Noelle McCarthy: Men and whiskers

By Noelle McCarthy

12 comments
Hairy guys Jared Leto, Michael Fassbender and David Beckham. Pictures / AP Images
Hairy guys Jared Leto, Michael Fassbender and David Beckham. Pictures / AP Images

Why do men wear whiskers? They're uncomfortable to grow, and they can look silly. I speak as observer rather than owner, although I did once have a moustache in a passport photo. I was 16 and my hair was dark and curly. It produced not only a shadow across my top lip, but also a weird, beardy effect around my shoulders. My mother still calls it the Taliban photo.

That was my only brush - ahem - with facial hair personally, but I've seen enough of it lately to know that beards are having a moment. More than a moment, an epoch, even. There was an article about how we've reached peak beard in the Guardian recently.

It wasn't always thus. You'd have been hard pushed to find much facial hair when I was at university, for example. Back then, the entire campus was clean-shaven, save for a few fiddle players and certain members of the sociology department. Fifteen years later though, and every second guy is getting around looking like that dude from the Joy of Sex drawings. Beards are de rigueur, in every iteration. Mutton chops, cavalry whiskers, soul patches, chin curtains; step into any pub or cafe in any major city in the western hemisphere, and you'll see all of these forms of manly topiary.

Sadly, even the neck beard doesn't appear to be going anywhere quickly.

Obviously, this is a worry. The neck beard, as seen on Shia Labeouf and various Dungeons and Dragons enthusiasts, is objectively horrible. Even Tom Hardy can't pull that one off, as you'll see when you Google. But it isn't fair to think of neck beards as representative of the aesthetic in general. There's a beard for every man, you just have to pick the right one.

Chin curtains are out obviously, unless you want to die lonely. As are soul patches, unless you are a yoga teacher in Ibiza. But a judiciously cultivated piece of facial hair, be it a beard, or a mo even, like any great accessory, will add texture and interest to your outfit. The best beards invite questions, and look like they come with a story. How long did it take you to grow it? What got you started? Bearded chaps are a gift to shy ladies looking for a conversation-starter.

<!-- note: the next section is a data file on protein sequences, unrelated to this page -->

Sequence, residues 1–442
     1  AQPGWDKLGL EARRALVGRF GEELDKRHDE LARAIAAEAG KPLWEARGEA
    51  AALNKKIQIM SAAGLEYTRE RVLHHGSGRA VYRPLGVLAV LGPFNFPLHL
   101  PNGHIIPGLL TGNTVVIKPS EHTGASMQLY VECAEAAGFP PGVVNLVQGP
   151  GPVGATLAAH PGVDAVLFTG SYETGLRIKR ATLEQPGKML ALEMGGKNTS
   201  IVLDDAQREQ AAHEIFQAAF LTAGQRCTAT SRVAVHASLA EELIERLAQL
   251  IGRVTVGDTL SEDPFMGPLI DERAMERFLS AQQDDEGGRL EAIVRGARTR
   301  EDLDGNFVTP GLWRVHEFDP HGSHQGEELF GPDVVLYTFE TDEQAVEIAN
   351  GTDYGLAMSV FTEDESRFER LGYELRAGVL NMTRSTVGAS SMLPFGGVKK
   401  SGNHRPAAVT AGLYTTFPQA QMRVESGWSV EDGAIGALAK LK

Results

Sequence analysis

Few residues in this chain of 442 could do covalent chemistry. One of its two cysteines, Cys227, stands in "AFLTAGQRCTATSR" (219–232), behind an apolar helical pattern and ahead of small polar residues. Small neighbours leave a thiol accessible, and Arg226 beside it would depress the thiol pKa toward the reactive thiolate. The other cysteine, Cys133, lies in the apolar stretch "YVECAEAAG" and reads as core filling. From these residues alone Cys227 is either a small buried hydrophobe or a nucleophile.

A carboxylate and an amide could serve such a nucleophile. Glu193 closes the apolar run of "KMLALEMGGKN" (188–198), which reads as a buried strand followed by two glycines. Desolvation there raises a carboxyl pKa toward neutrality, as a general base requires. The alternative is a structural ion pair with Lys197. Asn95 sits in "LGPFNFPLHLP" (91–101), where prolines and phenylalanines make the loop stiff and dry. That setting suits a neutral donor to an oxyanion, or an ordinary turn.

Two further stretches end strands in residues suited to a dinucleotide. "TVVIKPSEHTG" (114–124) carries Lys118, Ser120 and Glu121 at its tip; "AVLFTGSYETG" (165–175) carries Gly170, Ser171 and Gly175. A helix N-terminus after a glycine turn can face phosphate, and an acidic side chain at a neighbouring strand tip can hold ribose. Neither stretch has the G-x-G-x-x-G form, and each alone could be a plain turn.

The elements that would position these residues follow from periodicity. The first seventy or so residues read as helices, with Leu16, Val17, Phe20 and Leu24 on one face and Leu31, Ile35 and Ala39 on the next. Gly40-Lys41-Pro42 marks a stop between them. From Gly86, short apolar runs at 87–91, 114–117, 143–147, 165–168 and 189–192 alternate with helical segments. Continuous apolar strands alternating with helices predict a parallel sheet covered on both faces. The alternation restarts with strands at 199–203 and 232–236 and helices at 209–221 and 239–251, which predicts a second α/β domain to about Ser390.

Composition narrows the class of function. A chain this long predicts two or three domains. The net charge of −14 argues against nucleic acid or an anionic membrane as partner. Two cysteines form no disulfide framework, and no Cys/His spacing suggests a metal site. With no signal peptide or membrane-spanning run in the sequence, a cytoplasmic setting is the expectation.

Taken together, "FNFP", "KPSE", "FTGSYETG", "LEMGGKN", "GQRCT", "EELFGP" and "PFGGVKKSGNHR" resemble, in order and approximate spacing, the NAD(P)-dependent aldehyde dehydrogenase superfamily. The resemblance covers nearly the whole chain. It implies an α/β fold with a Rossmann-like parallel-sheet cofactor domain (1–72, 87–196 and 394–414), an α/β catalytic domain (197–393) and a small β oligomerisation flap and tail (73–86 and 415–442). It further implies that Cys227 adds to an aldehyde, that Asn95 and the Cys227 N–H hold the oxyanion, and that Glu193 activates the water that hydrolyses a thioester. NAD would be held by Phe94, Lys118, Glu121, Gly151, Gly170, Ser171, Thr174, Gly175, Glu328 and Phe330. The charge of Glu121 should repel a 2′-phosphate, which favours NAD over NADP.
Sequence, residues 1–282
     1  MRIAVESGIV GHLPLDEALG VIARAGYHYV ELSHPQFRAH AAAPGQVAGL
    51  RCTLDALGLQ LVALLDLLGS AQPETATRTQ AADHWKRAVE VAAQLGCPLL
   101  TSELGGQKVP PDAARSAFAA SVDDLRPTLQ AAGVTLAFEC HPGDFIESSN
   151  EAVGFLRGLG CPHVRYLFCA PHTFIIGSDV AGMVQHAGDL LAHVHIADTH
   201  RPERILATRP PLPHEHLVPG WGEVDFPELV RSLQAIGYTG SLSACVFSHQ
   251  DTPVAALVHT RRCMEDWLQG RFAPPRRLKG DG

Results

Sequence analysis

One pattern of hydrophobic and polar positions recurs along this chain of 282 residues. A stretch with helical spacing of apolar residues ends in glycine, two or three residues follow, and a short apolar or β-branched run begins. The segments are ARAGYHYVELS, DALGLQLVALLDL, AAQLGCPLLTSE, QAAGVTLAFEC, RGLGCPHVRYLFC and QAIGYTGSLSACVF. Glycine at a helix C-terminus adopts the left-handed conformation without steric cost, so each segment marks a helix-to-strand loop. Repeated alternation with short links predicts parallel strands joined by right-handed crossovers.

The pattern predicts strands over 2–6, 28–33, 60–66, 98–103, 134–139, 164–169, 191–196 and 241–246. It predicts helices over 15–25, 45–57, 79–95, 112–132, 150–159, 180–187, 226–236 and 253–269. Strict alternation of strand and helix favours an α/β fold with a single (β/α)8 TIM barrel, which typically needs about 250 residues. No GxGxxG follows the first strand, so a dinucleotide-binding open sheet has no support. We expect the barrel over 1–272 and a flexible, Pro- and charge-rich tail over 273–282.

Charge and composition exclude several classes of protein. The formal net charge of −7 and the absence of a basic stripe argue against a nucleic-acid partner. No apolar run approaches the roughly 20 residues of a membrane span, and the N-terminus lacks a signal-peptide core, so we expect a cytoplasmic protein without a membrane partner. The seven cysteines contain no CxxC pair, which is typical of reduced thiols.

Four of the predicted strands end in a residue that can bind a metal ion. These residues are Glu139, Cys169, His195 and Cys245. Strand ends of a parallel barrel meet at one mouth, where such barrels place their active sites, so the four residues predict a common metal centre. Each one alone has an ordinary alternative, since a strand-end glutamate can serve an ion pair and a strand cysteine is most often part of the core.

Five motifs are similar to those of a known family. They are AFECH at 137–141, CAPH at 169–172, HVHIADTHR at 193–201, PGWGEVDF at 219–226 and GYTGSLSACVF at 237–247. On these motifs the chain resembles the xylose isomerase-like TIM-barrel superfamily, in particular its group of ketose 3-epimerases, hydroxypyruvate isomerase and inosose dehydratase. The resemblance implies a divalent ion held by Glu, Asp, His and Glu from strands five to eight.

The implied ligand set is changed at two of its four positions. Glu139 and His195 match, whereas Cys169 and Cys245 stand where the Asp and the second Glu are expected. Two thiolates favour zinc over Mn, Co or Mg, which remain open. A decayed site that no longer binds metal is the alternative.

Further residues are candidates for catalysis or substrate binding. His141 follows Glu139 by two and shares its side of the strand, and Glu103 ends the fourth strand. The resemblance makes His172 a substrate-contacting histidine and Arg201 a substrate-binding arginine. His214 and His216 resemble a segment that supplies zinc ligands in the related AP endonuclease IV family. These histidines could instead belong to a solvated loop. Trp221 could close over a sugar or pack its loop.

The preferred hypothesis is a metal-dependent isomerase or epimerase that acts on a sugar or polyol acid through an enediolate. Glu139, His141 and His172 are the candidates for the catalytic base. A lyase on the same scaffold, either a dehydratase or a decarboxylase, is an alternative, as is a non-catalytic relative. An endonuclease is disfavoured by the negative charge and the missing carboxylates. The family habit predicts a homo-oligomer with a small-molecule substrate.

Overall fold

I find beards deeply comforting. This is because my father has one. It's set my template for what a beard should be: lovely, big luxuriant, a good mix of soft and wiry.

When I say "big" I mean "wide" of course. Beards should be short and full, never long and wispy. Even on actual wizards, Gandalf-beards are creepy. Best to avoid any facial hair that makes you look like you might be selling a Mogwai also.

Those injunctions aside, I'm down with beards, really. Sure they look odd with tuxes, like the neck has gone missing, and dumb on hipsters. Then again, hipsters make everything look silly. They won't ruin beards though, the way they've ruined tattoos and fixies. What after all, can beat a old fashioned chin-to mo beard, like the one Ryan Gosling had in The Notebook? Such beards speak of hard work, and sufficient amounts of testosterone. Done right, they are also suggestive of an aptitude for home repairs and seduction. In short, they are sexy, which is why men grow them.

- VIVA

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